Sigma Chi Corp. hit with lawsuit

By Linda Wilkins
Staff Writer

A wrongful death lawsuit has been filed against former members of the now dissolved Baylor chapter of Sigma Chi fraternity and against individuals associated with Mynar’s Bar in West.

The lawsuit accuses the defendants of negligence by providing alcohol to minors at a party in 2009 that 19-year-old Megan HeLal attended the night before she died. HeLal was a student at Navarro College.

The lawsuit is being brought against four persons associated with Mynar’s Bar, located at 121 Oak St.; four former Baylor students who were members of the Baylor Sigma Chi fraternity; and the Sigma Chi Corp.

The lawsuit is also being brought against the Risk Management Foundation, which is an organization maintained by Sigma Chi Corp. that is meant to educate members of the fraternity in policies including, but not limited to, alcohol use.

The charter of the Baylor chapter of Sigma Chi fraternity was ended in 2010 because of several violations of their charter.

According to the petition filed in McLennan County, the plaintiffs in the lawsuit — HeLal’s parents Jeffrey and Donna HeLal, along with the estate of Megan HeLal — claim they suffered the loss of the love and companionship of their daughter, the mental anguish of losing their daughter and pecuniary loss.

An example of pecuniary loss is the money HeLal might have earned over her lifetime.

The petition said the plaintiffs “seek monetary relief aggregating more than $50,000.” The plaintiffs’ lawyer is Linda Turley with the Turley Law Firm in Dallas.

On the morning of March 21, 2010, Baylor and Waco police responded to a 911 call made by then-sophomore John Whitfield when he found his girlfriend Megan HeLal unconscious and nonresponsive in his apartment.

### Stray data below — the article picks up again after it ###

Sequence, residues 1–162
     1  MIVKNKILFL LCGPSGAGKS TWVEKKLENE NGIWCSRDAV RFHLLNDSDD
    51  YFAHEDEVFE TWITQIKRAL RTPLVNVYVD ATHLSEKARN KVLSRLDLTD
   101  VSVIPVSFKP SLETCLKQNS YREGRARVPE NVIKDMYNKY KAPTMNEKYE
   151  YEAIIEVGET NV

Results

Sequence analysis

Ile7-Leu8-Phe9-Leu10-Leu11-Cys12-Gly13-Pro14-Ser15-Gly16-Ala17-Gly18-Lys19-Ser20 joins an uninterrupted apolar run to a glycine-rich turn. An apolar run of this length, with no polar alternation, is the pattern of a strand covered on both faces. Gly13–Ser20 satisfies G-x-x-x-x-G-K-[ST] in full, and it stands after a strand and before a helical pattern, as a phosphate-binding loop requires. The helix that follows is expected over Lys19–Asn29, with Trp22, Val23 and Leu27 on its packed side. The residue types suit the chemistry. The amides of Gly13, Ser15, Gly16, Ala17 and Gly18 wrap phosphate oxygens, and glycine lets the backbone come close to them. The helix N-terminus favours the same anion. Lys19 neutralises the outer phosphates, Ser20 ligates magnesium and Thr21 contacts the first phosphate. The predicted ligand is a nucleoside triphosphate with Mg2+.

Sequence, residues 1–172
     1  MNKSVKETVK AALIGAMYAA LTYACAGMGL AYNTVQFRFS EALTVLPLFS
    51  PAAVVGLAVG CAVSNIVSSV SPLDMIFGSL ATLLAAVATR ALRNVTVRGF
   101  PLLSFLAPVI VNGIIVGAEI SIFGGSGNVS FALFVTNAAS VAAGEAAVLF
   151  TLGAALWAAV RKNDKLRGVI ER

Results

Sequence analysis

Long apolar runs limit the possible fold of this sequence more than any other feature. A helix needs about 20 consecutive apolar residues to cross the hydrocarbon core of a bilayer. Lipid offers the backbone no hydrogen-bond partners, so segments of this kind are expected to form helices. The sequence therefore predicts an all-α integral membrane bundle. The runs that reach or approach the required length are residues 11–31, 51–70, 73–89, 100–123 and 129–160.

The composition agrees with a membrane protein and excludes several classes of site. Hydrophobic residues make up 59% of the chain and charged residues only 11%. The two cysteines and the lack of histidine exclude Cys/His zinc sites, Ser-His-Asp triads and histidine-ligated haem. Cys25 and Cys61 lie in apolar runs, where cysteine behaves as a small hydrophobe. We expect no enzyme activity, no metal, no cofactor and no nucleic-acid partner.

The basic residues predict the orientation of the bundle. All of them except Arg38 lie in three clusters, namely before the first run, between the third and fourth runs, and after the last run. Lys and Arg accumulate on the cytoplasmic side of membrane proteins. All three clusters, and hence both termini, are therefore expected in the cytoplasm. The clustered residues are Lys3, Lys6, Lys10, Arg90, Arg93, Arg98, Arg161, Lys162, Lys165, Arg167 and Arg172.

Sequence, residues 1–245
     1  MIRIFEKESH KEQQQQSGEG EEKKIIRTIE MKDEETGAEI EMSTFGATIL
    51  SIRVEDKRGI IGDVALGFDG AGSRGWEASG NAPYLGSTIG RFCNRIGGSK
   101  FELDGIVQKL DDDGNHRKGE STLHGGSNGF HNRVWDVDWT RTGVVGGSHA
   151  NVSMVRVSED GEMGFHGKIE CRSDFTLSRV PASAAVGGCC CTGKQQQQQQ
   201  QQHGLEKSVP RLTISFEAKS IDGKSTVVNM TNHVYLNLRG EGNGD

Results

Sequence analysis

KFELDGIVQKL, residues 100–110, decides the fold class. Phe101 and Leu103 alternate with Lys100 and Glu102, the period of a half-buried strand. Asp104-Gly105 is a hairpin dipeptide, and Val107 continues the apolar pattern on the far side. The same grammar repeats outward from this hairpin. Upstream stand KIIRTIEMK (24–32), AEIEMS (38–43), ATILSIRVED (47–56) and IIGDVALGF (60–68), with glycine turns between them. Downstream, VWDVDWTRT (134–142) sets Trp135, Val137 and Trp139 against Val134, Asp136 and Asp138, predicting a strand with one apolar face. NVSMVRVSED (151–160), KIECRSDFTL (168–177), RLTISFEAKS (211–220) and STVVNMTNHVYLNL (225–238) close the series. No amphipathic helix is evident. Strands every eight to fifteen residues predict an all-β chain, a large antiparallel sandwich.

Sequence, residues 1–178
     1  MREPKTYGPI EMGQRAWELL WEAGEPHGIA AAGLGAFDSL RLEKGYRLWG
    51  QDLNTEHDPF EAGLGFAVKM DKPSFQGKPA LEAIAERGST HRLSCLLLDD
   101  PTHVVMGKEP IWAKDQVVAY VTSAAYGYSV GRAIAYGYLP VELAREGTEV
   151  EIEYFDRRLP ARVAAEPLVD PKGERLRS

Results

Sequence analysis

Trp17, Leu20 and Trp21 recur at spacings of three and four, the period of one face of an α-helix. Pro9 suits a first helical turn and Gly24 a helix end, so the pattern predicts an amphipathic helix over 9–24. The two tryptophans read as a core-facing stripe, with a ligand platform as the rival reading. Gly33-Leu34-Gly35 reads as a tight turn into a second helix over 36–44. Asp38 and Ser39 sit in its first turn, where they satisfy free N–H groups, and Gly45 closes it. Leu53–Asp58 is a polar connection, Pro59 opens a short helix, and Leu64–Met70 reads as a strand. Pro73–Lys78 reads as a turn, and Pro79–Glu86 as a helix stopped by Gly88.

HeLal was visiting Whitfield for the weekend, and the two had attended a party — hosted by the Sigma Chi fraternity, but not authorized by Baylor — at Mynar’s Bar the evening before Whitfield found her unconscious. The presence of alcohol and underage drinking at the party was confirmed by the Texas Alcoholic Beverage Commission.

HeLal was pronounced dead at Hillcrest Medical Center, where she was taken after Whitfield found her, the morning after attending the party at Mynar’s Bar. HeLal’s autopsy revealed she died of “cardiac arrhythmia because of myocardial fibrosis of [undetermined] origin,” and alcohol was not a cause of her death.

Waco Police Department Sgt. W. Patrick Swanton said the case was worked as a questionable death but is now closed.

He confirmed HeLal attended a party where alcohol was provided. The Waco PD was brought onto the scene because her death occurred in the Waco city limits, although the party was outside the limits, Swanton said.

He said the coroner at the Southwest Forensic Institute in Dallas ruled HeLal’s death was a result of natural causes and the Waco PD concluded there was no criminal wrongdoing in her death.

Swanton said the Waco PD is not involved with the lawsuit.

Frank Raczkiewicz, assistant vice president of media communications for Baylor, wrote in an email to the Lariat Monday that Baylor did not have a comment on the lawsuit.

“We have not seen the lawsuit against the fraternity and are therefore in no position to comment,” Raczkiewicz wrote.

“The fraternity was dissolved in 2010 for continued student organizational rules infractions.” Michael Dunn, the executive director of the Sigma Chi International Fraternity, said in an interview Wednesday that the fraternity had not been notified of any lawsuit.